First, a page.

Having the freedom to dress appropriately when the weather warms up (e.g. ditching the suit for a linen shirt or dress) can have a big impact on the amount of cool air your air-conditioning unit has to pump into your workplace to keep staff comfortable. So, it can pay to relax your dress code on hot days and allow staff to dress more appropriately. In addition to dress down Fridays, perhaps you could start dress down Sun-days too.

Not so easy if your staff wear a uniform, but perhaps the same principle could be adopted to ensure your uniform can be varied to suit different weather conditions.


3. Hot desk… and cool desk

Is there that one person in your office who likes the temperature to be cooler than everyone else – and is complaining about being too hot when the temperature tiptoes over 10 degrees? Do you have another that needs to wear three cardigans and a scarf under the same, ‘unbearably cold’, conditions? You’re not alone (although we might have exaggerated about the scarf).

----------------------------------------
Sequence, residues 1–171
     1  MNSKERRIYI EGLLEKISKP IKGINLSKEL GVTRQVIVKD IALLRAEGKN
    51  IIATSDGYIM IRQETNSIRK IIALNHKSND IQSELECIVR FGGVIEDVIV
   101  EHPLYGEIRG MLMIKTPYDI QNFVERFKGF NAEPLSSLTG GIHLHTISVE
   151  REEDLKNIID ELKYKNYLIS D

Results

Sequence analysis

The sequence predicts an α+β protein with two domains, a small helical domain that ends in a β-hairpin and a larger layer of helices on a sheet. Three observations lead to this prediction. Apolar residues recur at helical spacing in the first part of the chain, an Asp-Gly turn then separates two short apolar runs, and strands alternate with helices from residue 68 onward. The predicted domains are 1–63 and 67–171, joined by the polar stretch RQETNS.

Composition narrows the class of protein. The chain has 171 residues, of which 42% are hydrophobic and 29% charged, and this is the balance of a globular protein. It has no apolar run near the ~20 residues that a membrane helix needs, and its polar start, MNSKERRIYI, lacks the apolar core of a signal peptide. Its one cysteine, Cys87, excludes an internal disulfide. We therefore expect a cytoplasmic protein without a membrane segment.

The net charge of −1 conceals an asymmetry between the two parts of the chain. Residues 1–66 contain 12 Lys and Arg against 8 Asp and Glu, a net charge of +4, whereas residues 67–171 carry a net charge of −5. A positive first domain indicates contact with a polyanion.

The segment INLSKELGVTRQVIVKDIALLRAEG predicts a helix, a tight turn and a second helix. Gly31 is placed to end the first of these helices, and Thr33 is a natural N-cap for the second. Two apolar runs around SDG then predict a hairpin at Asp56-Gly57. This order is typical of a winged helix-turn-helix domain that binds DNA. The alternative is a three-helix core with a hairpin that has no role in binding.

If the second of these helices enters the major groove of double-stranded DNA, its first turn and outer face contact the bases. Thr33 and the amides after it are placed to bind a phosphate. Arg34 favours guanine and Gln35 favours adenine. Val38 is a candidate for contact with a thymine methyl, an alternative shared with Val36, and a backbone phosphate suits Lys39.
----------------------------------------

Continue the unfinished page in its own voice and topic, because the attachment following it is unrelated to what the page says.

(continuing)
Setting an ‘ideal’ temperature that will keep everyone happy can be a cause not just for office unrest (and lost productivity), but it can really crank up energy bills. All too often, we see offices where the air-con is switched on one minute, quickly followed by someone else firing up the heating because ‘it got too cold’.

To help you avoid this situation in your business – here are two tips for the price of one.

First, allow staff to hot desk. Believe it or not, people are different and no one temperature is right for everyone. At the same time, as luck would have it, most buildings have warmer areas (next to server rooms, equipment, etc) and cooler areas (near the doors and windows, and away from equipment). So, if you can, let your staff take advantage of these temperature differences and sit where they feel most comfortable. You never know, by doing this, you might not even need to use your air-con or heating at all.